In recent years, however, the court has taken a more active role in its analysis of the Texas Constitution when deciding criminal cases.(25) More specifically, the court has, on occasion, interpreted the Texas Constitution to provide greater protection to criminal defendants than the Federal Constitution.(26) However, before determining the level of independence demonstrated by the Court of Criminal Appeals, it is helpful to first understand the principles and tenets of state constitutional adjudication.

    As the constitutional provisions of many state constitutions are similar or identical to those of the Federal Constitution, state courts will, in interpreting the state constitution, sometimes look to the case law surrounding the history and interpretation of the Federal Constitution.(27) In the arena of state constitutional adjudication, four methods have emerged: lockstep; dual reliance; supplemental or interstitial; and supremacy.(28)

    The lockstep approach "is not really an approach to independent state constitutional adjudication at all; the state court merely follows the dictates of the United States Supreme Court" in its interpretation of the analogous federal provision.(29) The court, by harmonizing with the Supreme Court, never really develops an independent body of state constitutional law.(30) Under a dual reliance method, the court addresses both federal and state constitutional law simultaneously, even when faced with an argument regarding state grounds.(31) However, if an opinion is decided under federal law, the state law treatment is deemed dicta, and vice-versa.(32) When applying a supplemental or interstitial model, the court looks first to federal law and, if federal law is not offended, then to state law to determine whether the state law provides greater protection.(33) Commentators argue that "the interstitial approach ... reflects the modern role of the U.S. Constitution as the `basic protector of fundamental liberties,' while allowing states the opportunity to supplement the minimum protections afforded by the U.S. Constitution."(34) Finally, under the primacy approach, the court faced with both a state and federal constitutional issue will analyze state law first, then federal law.(35)

    Prior to 1991, the Court of Criminal Appeals consistently applied the lockstep approach when analyzing the Texas Constitution.(36) However, in 1991, the court decided Heitman v. State(37) and rejected the lockstep approach and further recognized the court's right to independently interpret the state constitution.(38) Although occasionally applying the dual reliance model after Heitman,(39) the court has most often applied the supplemental approach when faced with a question of both federal and state law.(40) The court has not applied the supplemental approach in the typical fashion of deciding first under federal law and then under state law.(41) Moreover, many of the cases decided since Heitman do not fall under any particular category because only state law was argued, or the court was deciding whether a federal standard applied under the Texas Constitution.(42) Although the court has engaged in nearly all of the methods of interpretation, the Court of Criminal Appeals has settled upon providing an independent analysis to the Texas Constitution.(43)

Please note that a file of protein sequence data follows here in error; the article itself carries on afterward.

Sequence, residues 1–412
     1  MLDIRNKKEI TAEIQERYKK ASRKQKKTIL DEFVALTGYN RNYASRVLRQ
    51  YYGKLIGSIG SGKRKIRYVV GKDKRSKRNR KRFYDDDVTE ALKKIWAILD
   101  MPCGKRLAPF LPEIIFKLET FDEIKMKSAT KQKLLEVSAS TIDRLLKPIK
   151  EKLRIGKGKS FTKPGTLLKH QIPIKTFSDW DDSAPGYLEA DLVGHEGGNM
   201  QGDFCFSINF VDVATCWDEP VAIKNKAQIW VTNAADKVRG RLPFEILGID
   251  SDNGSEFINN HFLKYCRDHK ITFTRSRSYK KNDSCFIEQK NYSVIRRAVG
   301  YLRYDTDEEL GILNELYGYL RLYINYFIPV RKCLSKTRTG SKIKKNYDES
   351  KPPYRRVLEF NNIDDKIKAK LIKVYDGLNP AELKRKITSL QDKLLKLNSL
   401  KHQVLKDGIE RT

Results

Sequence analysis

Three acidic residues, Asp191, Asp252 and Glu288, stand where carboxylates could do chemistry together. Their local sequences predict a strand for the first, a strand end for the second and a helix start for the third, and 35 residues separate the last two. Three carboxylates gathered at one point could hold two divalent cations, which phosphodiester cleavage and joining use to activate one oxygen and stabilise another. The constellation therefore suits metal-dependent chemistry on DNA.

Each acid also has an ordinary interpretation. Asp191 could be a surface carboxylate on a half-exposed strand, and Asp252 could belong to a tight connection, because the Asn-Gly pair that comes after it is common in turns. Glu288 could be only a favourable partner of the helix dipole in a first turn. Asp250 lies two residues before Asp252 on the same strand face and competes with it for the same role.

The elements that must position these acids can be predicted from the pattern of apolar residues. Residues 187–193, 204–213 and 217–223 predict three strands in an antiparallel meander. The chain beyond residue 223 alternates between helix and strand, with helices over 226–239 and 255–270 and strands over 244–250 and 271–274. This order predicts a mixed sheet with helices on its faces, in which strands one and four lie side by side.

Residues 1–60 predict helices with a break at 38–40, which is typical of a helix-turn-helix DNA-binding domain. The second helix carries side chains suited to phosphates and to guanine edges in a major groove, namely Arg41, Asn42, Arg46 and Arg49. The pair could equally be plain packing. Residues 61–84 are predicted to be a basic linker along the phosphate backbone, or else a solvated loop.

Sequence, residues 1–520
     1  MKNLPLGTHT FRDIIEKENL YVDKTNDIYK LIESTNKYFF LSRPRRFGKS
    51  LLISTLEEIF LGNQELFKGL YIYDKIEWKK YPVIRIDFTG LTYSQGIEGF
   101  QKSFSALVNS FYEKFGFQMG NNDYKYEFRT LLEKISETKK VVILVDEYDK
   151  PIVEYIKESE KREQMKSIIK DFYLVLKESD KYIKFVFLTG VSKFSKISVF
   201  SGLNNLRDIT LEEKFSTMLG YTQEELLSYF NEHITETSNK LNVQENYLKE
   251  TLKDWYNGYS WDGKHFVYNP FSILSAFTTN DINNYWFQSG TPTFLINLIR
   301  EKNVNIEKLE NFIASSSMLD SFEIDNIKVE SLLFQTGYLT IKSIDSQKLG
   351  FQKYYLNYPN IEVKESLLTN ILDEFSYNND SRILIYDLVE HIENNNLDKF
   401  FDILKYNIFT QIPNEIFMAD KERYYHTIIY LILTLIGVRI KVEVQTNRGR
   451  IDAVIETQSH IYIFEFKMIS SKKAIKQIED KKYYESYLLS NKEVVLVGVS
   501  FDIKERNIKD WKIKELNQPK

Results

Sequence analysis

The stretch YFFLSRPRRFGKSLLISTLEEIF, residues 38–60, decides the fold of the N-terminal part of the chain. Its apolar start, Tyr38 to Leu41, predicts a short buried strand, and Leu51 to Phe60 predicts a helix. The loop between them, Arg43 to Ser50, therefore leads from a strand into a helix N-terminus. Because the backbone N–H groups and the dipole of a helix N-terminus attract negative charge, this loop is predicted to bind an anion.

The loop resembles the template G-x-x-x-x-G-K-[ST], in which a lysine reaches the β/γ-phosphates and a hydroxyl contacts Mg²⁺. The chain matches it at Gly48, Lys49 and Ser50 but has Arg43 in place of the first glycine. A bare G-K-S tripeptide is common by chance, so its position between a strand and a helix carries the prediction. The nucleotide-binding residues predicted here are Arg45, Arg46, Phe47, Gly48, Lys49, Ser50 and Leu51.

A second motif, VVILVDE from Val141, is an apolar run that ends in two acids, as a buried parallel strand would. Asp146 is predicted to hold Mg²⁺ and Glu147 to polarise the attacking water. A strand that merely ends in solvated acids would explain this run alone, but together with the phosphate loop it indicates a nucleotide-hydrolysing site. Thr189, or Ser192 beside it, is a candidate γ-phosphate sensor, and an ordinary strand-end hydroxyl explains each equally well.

3. STATE CONSTITUTIONAL INDEPENDENCE IN CRIMINAL CASES

    1. Search and Seizure

      In a 1994 case, Autran v. State,(44) the Texas Court of Criminal Appeals for the first time interpreted the Texas search and seizure provision as granting greater protection than the Supreme Court's interpretation of the United States Constitution.(45) Prior to Autran, the court progressed toward independent state adjudication by first rejecting the lockstep approach which had been regularly applied in Texas search and seizure cases(46) and, thereafter, formally recognized the power of the court to interpret the Texas Constitution separately from the United States Constitution.(47) Although the court rejected the lockstep method, it continued to interpret article I, section 9 of the Texas Constitution(48) and the Fourth Amendment to be "in all material aspects, the same."(49) During. the period of 1988 through 1994, the court followed a "crime-control model"(50) by exhibiting extreme reluctance to create greater protections for criminal defendants.(51)

      In Eisenhauer v. State(52) and Bower v. State,(53) Judge McCormick(54) wrote the plurality opinions. As will become increasingly clear throughout this High Court Study, Judge McCormick strongly supported crime control and opposed providing greater protections for criminal defendants than those already recognized by the' United States Supreme Court.(55) For example, in Eisenhauer, a case dealing with the sufficiency of probable cause for a warrantless search, Judge McCormick led the court in its abandonment of the two-prong Aguilar-Spinelli test, and in the adoption, instead, of the Supreme Court's more discretionary "totality of the circumstances" test.(56) In 1964, the Supreme Court created the Aguilar-Spinelli test,(57) which the Court of Criminal Appeals applied thereafter.(58) However, Judge McCormick concluded the Court of Criminal Appeals "applied the...